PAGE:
Many public and private entities have sought to mitigate the financial impacts of clinical trials on state economies, especially those that rely on a steady source of revenue generated from pharmaceuticals and biotechnology companies. While pharmaceutical companies are required to compensate for any potential losses in these and other pharmaceutical sales and marketing activities, however, they are not required to compensate for the direct financial impact of these activities on state and local economies. Thus, although there is a great deal of literature on this topic, very little effort has been taken to comprehensively address the issue of state economic impact of clinical trials. Efforts have focused on estimating the cost of such trials, the productivity of the companies that conduct them, the impact on the companies’ finances, and the impact on the state’s economy.
When considering the broader economic impact of clinical trials on state economies, i.e., across state lines, the net result of spending, direct, and indirect costs, and productivity of company employees, biopharmaceutical industry employees, and local economic development, the net impact of clinical trials on state economies is difficult to quantify. It appears that most clinical trial sites generate more revenue from outside commercialization than the local economy can absorb. The extent to which the economic impacts of clinical trials vary across clinical trial sites is largely dependent upon whether they are conducting clinical trials on biotechnology or small enterprise organisms or on larger pharmaceuticals.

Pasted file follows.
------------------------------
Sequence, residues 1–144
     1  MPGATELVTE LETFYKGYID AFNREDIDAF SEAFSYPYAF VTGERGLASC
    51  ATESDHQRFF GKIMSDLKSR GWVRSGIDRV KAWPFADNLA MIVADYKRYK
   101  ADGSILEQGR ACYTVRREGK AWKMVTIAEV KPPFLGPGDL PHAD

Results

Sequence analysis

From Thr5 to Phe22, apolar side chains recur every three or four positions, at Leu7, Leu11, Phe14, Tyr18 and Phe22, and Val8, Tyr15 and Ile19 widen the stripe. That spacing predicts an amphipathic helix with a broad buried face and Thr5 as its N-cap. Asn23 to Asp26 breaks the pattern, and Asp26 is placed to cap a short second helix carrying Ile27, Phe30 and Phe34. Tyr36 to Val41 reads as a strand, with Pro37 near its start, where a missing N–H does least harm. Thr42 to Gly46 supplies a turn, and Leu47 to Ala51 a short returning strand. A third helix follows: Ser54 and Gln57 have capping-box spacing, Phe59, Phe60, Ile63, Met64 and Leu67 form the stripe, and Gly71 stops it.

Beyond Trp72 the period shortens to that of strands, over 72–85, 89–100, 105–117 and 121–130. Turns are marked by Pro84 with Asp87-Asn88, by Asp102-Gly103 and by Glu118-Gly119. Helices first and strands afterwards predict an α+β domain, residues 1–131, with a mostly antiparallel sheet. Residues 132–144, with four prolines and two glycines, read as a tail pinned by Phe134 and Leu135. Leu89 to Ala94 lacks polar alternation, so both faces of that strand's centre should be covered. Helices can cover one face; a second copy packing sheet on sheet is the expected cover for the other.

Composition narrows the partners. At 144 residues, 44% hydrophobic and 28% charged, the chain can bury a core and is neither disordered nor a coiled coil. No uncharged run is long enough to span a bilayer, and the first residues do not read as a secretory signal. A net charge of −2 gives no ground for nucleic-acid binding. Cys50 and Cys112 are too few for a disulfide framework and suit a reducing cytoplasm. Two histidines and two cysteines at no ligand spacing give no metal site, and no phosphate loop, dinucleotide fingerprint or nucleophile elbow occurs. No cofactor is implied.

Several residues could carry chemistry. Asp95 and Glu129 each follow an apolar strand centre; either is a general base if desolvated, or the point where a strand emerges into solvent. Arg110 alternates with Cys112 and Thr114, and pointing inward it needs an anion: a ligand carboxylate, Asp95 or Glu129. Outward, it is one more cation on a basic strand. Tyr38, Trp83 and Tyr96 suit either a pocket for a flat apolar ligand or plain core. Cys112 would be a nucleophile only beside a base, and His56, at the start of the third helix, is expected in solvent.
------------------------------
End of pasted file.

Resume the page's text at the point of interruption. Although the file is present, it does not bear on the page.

In addition, there is considerable variation within the amount of clinical trials activity that is conducted by biopharmaceutical companies. A recent study estimated that biopharmaceutical companies conduct approximately 20% fewer clinical trials than the industry average, a decrease that was noted across all disease areas. However, while these findings suggest that the industry has reduced its activity in clinical trials, biopharmaceutical companies have not closed all of their clinical development programs. Across the board, biopharmaceutical companies expressed a desire to continue to expand their portfolio of clinical drug development opportunities and pursuing the development of new medicines and drug products. This effort to develop and commercialize drugs for diseases worldwide will likely continue to impact the state economy in the years to come.
Given the information gathered throughout the years, we can say with confidence that industry-sponsored clinical trials are not only vital to the development of new treatments and cures for patients but also play an important role in sustaining economic growth in communities throughout the country.